Neither year (three-way ANOVA, p=0.0681) nor pond (p=0.2975) had any significant affect on the levels of free proline. Both season (three-way ANOVA, p=0.0001) and

Figure 7. Effects of temperature on levels (n=33) of chlorophyll a and phycobiliproteins in winter (A) and summer (B) Gracilaria tenuistipitata.

Figure 8. Effects of temperature on levels (n=33) of soluble protein, free amino acid, and free proline in winter and summer Gracilaria tenuistipitata. Different symbols for free proline levels indicate significant difference at p<0.05.

Botanical Bulletin of Academia Sinica, Vol. 40, 1999

may mean (1) a weaker condition for G. tenuistipitata, which enables pests to a larger extent, and (2) a reduced resistance to environments. Now, the relationships between proline metabolism and tolerance to extreme high temperature in summer G. tenuistipitata are being undertaken.

Acknowledgments. This work was supported by Grant NSC No. 87-2611-B-110-008 from the National Science Council, Executive Yuan, Taiwan, Republic of China (ROC) and in part by the Office of Research Affairs, National Sun Yat-sen University, Kaohsiung, Taiwan, Republic of China (ROC).

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This study shows that quantitative changes in the physiological parameters in G. tenusitipitata are not affected by year or pond. Only the factor of season affected the specific growth rate, the recovery specific growth rate, and the levels of free proline. It is apparent that growth and free proline levels are associated with seasonal acclimation.

Temperature significantly affected all the physiological parameters in this study. The temperature range for the growth of winter plants was relatively narrow compared with summer plants although the optimum temperature was around 24C for both. Based on repairing ability, judged by recovery specific growth rate, the upper temperature limit in summer plants was higher than that in winter plants. The temperature range for net photosynthesis was in agreement with that for growth in summer G. tenuistipitata but not for winter. Possibly, factors other than photosynthesis are involved in growth regulation. Nitrogen metabolism is known to have an impact on algal growth (Friedlander and Dawes, 1985; Lapointe, 1981; Rosenberg and Ramus, 1982). Compared with summer plants, low availability in nitrogen (soluble protein and free amino acid) at high temperatures may explain a growth cessation of winter plants when photosynthesis was still active.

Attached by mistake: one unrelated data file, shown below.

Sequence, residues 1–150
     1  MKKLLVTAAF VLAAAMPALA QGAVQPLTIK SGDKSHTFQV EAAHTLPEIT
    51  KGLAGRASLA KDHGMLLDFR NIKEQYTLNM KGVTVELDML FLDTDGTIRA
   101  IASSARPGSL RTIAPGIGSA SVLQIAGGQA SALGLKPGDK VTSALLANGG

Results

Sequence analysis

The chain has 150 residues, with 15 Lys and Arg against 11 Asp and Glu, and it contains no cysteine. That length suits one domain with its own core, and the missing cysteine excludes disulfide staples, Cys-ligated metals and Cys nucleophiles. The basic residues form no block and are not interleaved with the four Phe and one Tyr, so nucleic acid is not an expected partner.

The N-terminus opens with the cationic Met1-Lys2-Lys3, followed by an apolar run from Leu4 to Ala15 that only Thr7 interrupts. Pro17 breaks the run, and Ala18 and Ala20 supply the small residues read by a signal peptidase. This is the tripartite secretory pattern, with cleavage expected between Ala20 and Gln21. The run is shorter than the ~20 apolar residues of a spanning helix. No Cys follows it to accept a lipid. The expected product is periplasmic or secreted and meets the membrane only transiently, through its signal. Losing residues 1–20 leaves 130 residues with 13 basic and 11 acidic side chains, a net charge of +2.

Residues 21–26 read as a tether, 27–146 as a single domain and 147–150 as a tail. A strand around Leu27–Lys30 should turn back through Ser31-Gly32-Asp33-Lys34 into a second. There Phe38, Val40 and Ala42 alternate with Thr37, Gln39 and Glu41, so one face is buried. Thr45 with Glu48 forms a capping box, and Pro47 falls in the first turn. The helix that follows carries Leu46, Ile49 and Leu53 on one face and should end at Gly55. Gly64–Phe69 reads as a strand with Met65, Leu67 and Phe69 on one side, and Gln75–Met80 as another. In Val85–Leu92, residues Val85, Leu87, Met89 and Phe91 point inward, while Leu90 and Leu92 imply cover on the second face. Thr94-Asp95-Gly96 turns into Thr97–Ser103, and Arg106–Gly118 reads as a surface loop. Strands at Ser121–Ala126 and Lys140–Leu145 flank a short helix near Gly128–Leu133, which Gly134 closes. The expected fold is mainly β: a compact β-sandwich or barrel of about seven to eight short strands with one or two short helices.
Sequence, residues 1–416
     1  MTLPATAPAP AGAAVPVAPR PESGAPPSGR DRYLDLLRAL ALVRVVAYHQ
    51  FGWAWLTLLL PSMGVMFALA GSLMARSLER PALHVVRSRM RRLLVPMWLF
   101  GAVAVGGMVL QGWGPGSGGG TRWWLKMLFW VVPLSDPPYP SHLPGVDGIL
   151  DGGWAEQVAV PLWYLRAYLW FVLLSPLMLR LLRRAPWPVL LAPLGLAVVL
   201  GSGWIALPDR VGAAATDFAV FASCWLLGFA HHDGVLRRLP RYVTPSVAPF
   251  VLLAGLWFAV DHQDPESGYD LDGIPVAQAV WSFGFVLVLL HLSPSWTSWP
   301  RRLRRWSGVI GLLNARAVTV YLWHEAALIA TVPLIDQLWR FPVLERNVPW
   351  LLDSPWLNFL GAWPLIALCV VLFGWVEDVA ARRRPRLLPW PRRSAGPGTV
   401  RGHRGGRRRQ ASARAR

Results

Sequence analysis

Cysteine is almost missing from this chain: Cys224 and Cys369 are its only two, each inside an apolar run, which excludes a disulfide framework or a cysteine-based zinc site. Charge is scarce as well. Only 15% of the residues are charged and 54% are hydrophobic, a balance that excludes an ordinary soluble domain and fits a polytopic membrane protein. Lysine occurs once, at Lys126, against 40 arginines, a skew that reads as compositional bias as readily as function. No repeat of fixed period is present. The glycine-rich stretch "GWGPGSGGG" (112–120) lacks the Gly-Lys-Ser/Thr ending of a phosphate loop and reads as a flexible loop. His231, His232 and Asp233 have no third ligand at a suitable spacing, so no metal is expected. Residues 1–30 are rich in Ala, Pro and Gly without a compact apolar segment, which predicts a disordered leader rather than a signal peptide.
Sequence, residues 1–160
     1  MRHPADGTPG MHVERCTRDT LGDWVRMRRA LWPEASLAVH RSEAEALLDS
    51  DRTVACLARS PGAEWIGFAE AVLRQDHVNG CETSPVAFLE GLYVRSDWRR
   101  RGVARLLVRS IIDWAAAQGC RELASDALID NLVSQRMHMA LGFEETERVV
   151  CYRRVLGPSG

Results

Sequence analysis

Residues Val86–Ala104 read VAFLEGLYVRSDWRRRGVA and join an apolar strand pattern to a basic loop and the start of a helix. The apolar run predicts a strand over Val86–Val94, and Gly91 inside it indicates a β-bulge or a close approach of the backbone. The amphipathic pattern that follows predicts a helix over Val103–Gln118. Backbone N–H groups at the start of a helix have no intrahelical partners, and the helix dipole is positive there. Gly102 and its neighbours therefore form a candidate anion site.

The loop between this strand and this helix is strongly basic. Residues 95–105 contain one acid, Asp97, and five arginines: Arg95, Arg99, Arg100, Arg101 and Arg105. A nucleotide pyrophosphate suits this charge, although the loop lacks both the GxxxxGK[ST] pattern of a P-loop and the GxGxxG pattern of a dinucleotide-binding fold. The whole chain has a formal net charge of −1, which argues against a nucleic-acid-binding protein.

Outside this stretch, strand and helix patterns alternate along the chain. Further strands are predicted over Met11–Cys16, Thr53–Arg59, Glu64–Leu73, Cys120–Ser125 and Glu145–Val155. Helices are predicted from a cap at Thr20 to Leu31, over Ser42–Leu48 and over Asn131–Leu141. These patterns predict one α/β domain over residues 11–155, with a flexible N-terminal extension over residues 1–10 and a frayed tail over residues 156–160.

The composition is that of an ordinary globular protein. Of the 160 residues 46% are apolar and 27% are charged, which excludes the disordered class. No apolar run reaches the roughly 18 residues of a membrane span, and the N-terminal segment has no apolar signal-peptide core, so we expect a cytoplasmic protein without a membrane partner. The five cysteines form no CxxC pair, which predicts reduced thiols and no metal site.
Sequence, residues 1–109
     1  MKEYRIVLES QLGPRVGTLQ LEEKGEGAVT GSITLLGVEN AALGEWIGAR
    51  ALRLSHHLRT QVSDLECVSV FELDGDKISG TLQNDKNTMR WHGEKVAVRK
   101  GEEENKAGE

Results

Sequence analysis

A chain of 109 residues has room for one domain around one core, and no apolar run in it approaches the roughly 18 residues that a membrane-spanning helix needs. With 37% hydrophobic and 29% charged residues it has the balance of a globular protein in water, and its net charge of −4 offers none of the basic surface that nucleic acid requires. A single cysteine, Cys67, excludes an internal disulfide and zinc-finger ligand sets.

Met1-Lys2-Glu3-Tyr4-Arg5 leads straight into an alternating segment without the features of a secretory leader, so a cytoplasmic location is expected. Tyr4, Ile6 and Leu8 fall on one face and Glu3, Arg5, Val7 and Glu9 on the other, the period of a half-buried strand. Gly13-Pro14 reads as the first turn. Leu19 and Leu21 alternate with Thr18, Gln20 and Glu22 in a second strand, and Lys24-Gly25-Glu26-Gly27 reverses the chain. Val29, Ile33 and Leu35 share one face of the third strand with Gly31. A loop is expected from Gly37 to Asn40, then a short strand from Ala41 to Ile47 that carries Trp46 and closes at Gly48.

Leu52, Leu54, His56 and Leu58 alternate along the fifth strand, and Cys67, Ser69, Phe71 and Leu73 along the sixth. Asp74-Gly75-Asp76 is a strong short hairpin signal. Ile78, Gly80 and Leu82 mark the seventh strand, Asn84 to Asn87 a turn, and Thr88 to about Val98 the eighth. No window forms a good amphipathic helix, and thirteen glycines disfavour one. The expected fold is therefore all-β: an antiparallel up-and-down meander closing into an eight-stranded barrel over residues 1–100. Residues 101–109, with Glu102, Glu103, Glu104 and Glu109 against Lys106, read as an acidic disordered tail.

The amount of both phycoerythrin and chlorophyll a is known to parallel photosynthetic activity in G. verrucosa (Dawes et al., 1984); that is, the increase in photosynthetic pigments, especially phycobiliproteins, leads to a rise of photosynthetic capacity and the fixed carbon capital available for growth. The present study also shows a similar trend in both winter and summer G. tenuistipitata. Changes in the amount of phycobiliproteins rather than chlorophyll a coincided with changes in net photosynthesis in response to various temperatures.

Since the low limit for repairing is approximately 14C, chilling stress may be a factor limiting the growth of G. tenuistipitata in winter when water temperature falls below 15C (Figure 1). Ryther et al. (1984) reported a similar result for Gracilaria, which grew half as fast in Florida during periods of low temperature.

In conclusion, a seasonal change triggers a shift in both growth activity and free proline levels in G. tenuistipitata. The low growth activity in winter plants